Terry married three times and was involved in numerous relationships. In London, during her engagement at the Haymarket Theatre, she and her sister Kate had their portraits painted by the eminent artist George Frederick Watts. His famous portraits of Terry include Choosing, in which she must select between earthly vanities, symbolised by showy but scent-less camellias, and nobler values symbolised by humble-looking but fragrant violets. His other famous portraits of her include Ophelia and Watchman, together with her sister Kate, The Sisters.

Watts soon proposed marriage to Terry. She was impressed with Watts's art and elegant lifestyle and wished to please her parents by making an advantageous marriage. She left the stage during the run of Our American Cousin, a hit comedy by Tom Taylor at the Haymarket, in which she played Mary Meredith. She and Watts married on 20 February 1864 at St Barnabas, Kensington, seven days before her 17th birthday, when Watts was 46. She was uncomfortable in the role of child bride, and Watts's circle of admirers, including Mrs. Prinsep, were not welcoming. Terry and Watts separated after only ten months of marriage.

"The Sisters", by George Frederick Watts

Nevertheless, during the marriage Terry made the acquaintance of a number of cultured and important and talented people, among them Browning, Tennyson, Gladstone, Disraeli and the photographer Julia Margaret Cameron. Because of Watts's paintings of her and her association with him, she "became a cult figure for poets and painters of the later Pre-Raphaelite and Aesthetic movements, including Oscar Wilde".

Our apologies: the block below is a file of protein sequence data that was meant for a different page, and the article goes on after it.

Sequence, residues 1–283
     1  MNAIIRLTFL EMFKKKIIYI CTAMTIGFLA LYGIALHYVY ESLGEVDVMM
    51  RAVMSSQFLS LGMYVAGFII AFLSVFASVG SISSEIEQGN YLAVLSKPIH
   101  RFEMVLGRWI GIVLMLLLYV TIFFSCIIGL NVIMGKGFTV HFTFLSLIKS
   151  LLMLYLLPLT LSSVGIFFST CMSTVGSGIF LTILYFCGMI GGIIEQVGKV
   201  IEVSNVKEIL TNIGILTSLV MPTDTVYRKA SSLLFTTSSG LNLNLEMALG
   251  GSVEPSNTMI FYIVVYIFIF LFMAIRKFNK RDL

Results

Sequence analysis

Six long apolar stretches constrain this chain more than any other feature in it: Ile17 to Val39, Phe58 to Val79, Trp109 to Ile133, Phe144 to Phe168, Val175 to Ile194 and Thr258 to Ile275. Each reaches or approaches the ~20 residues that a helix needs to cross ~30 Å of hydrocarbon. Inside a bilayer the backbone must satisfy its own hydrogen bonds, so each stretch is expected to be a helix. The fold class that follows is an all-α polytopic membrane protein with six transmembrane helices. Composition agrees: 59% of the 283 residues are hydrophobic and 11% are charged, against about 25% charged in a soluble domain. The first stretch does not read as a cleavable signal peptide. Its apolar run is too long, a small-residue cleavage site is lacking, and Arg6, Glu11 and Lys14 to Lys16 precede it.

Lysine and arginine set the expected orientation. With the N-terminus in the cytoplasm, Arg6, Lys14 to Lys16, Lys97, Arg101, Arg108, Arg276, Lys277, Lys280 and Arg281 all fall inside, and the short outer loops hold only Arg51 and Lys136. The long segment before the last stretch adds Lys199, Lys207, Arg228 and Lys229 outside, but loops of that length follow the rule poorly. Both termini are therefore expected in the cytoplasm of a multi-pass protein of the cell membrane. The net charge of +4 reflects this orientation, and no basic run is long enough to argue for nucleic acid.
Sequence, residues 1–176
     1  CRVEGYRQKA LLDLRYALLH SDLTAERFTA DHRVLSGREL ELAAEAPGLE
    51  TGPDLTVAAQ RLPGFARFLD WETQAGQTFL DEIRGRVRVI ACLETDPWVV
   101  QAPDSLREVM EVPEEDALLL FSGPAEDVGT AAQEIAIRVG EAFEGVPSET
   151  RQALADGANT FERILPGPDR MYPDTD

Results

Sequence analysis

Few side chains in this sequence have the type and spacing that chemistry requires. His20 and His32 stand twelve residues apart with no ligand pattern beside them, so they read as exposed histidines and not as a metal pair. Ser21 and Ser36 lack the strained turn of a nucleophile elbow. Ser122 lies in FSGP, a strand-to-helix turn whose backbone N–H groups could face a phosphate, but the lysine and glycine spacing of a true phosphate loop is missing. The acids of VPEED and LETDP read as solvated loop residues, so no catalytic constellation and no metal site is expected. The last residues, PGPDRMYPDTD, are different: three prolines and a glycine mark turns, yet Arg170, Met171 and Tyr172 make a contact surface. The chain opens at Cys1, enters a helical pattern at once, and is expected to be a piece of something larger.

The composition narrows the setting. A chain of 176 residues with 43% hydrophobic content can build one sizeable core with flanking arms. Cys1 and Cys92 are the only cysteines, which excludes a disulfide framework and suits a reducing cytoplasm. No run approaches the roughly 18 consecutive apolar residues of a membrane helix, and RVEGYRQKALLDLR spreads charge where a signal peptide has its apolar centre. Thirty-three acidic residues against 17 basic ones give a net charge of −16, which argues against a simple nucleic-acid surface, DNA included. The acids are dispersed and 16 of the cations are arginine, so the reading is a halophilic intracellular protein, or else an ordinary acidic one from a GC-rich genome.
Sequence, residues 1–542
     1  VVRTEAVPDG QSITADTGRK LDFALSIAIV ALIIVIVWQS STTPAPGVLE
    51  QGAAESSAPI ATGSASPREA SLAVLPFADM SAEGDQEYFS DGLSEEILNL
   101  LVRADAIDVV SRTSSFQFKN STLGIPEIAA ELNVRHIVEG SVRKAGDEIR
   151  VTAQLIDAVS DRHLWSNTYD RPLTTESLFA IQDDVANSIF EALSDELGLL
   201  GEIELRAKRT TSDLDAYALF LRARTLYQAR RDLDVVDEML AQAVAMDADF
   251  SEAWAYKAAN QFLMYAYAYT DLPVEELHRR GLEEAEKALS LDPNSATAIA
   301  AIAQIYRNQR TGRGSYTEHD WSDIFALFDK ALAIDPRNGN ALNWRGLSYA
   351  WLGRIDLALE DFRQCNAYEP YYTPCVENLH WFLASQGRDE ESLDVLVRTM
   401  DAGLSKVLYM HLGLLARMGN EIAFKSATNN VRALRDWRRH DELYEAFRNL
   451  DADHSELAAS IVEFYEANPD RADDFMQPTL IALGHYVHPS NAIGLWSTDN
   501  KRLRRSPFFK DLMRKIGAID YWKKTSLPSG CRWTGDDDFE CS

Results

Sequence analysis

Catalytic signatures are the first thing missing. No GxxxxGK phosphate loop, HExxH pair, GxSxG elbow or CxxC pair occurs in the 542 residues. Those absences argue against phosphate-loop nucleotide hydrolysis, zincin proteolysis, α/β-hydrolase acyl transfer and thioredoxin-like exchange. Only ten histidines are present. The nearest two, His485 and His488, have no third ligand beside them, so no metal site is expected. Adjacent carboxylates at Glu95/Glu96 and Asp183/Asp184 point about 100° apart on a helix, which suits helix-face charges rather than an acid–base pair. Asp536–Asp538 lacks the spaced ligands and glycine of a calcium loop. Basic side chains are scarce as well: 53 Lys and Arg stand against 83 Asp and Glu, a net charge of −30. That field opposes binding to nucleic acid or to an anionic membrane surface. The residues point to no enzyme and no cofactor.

She returned to acting by 1866. In 1868, over the objection of her parents, Terry began a relationship with the progressive architect-designer and essayist Edward William Godwin, another man whose taste she admired, whom she had met some years before. With him she retreated to a house, Pigeonwick, in Harpenden, Hertfordshire, retiring for six years from acting. They could not marry, as Terry was still married to Watts and did not finalise a divorce until 1877 – then a scandalous situation. With Godwin she had a daughter, Edith Ailsa Geraldine Craig, in 1869 and a son, Edward Gordon Craig, in 1872. The surname Craig was chosen to avoid the stigma of illegitimacy.

The relationship with Godwin cooled in 1874 amid his preoccupation with his architectural practice and financial difficulties, and Terry returned to her acting career, separating from Godwin in 1875. Even after their separation, however, Godwin continued to design costumes for Terry.

In 1875, Terry gave an acclaimed performance as Portia in The Merchant of Venice at the Prince of Wales's Theatre, produced by the Bancrofts. Oscar Wilde wrote a sonnet, upon seeing her in this role: "No woman Veronese looked upon / Was half so fair as thou whom I behold." She recreated this role many times in her career until her last appearance as Portia at London's Old Vic Theatre in 1917.